BY JENNIFER CROWLEY
The eye-catching one-and-a-half story cobblestone Tudor at 2659 Scottsville-Mumford Road has sadly sat unoccupied for the past ten years. Once a bustling gas station built in the heyday of cottage-style service stations, the property that boasts a distinct façade, nice location between Scottsville and Caledonia, and sizable lot on the banks of the Oakta, struggled to find a buyer. But that changed in January 2018 when Russell and Deborah Free purchased the building in order to live out Russell’s dream of owning and running a unique convenient store. Or rather, a mercantile.
“Free Style Mercantile. Because it’s more than a convenient store and more than a deli. We are harkening back to the days of the general store. The name is a play on our last name but also speaks to our desire to have eclectic offerings,” according to Deborah.
The couple, who live in Pavilion, were familiar with the Wheatland property and when they were first ready to make a move and purchase the building, another buyer snapped it up. “I told Russell if it is meant to be, it will be. And sure enough, that sale fell through,” she offered. But acquiring the property was only the first step in an incredibly long journey.
“When we started work here, there was no electricity, no water, and no heat. There was barely any insulation. And because the property was vacant for so long, the zoning had converted to residential so we had to obtain a variance,” explained Deborah. For any experienced commercial property owner, the work facing the couple would be daunting. But add in the fact that Russell, a seasoned tree surgeon, and Deborah, an event planner, had never undertaken such a venture before, the last year has been nothing short of trial by fire.
But with an anticipated January 2019 opening, progress has been swift over the past weeks. The large main counter, made of mahogany auditorium doors, has been installed and is ready for varnish. The kitchen equipment is in place and a cooler room which will one day sell beer is nice and chilly. The interesting stone flooring is thought to be original; the stones likely came from Oatka Creek. When the shop opens, it will offer take-out comfort food along with many other items, some expected (coffee), others unique (hardware).
A Piece of History
The building the Frees have been tirelessly renovating with the help of talented friends is historically significant given its “cottage” style architecture. These days there is hardly much to gas station design and there is little to differentiate brands by with the exception of price and convenience store offerings. But back in the early-to-mid twentieth century, there was concerted effort to build service stations in such a way that they were organic to their surroundings (often residential) and offered a pleasing customer experience.
Though gas stations are plentiful in the 21st century, one must appreciate that at the turn of the 20th century, the number of cars on the road could be measured in the thousands. At that time, there were no gas stations. In fact, there were no gas pumps. Those wealthy enough to have a car had to fuel it using a bucket and a gas barrel; these were often found at general stores, hardware stores, or even drugstores. It only took five years for an enterprising inventor to develop a pump to transfer gas from the barrel to the automobile’s tank. By 1910, only ten years later, there were a half-million cars on American roads – all in need of refueling.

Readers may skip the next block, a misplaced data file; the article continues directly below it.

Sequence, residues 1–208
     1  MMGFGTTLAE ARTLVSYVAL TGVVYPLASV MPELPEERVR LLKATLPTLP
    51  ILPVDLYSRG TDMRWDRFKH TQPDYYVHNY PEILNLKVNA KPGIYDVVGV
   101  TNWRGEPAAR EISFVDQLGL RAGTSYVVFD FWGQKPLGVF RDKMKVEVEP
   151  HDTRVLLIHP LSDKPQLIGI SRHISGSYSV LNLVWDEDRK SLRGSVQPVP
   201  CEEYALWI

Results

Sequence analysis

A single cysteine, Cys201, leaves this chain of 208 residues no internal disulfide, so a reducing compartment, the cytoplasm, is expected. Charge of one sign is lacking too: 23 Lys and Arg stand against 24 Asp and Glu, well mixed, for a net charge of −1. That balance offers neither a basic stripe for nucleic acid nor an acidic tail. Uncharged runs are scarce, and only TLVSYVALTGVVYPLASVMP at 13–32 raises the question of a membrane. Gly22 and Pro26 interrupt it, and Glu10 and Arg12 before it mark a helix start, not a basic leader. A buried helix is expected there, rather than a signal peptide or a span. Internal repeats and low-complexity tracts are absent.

In 1911 when the Standard Oil monopoly was broken up, service stations proliferated and competition for sales was fierce. By 1929, there were more than 120,000 filling stations with nearly $1.8 billion in sales. This “drive-in” gas station movement helped pave the way for the explosive growth of the American automobile industry.
Longtime area residents know the site of Free Style Mercantile as Phillips Service Station, a functional gas station and two-bay repair shop that operated for several decades until it closed in the late 2000s. However the building was originally constructed in 1933. Owner Henry Clark opened it as a Kendall Service Station presumably because the gas was supplied by the Kendall Refining Company. The company, formed as a refiner of lubricants in 1881, entered the gasoline market in 1922 with a significant presence in Pennsylvania and New York.
For Henry Clark, the Route 383 location of his venture was prime. As car ownership increased, so did the desire to go out for a drive as a hobby, particularly for those living in the city of Rochester. Route 383 would carry motorists directly from Exchange Boulevard out to Wheatland. On the 19-mile drive passengers would take in sights such as the Genesee River and a variety of fields. Much like those on a Sunday drive stopping at the station to fuel up, it wouldn’t be surprising for Free Style to become a stop for families visiting the nearby Genesee Country Village & Museum.
With the Free Style Mercantile slated to open soon, interest in the business has been intense. Many appreciate that the building is one of the last “cottage” style stations left standing in Monroe County. Others are eager for the fresh coffee, breakfast sandwiches, soups and pastries that the Frees will be serving along with various other goods and sundries ranging from jewelry and pottery to office supplies and hopefully, a modern-day version of penny candy. “Our vision is that this becomes a destination for folks much like it was a long time ago. We want to get to know our customers and provide them with a unique shopping and meal experience.”
Free Style Mercantile will open later this month. A Facebook page is under construction and will provide information about the shop’s hours and offerings.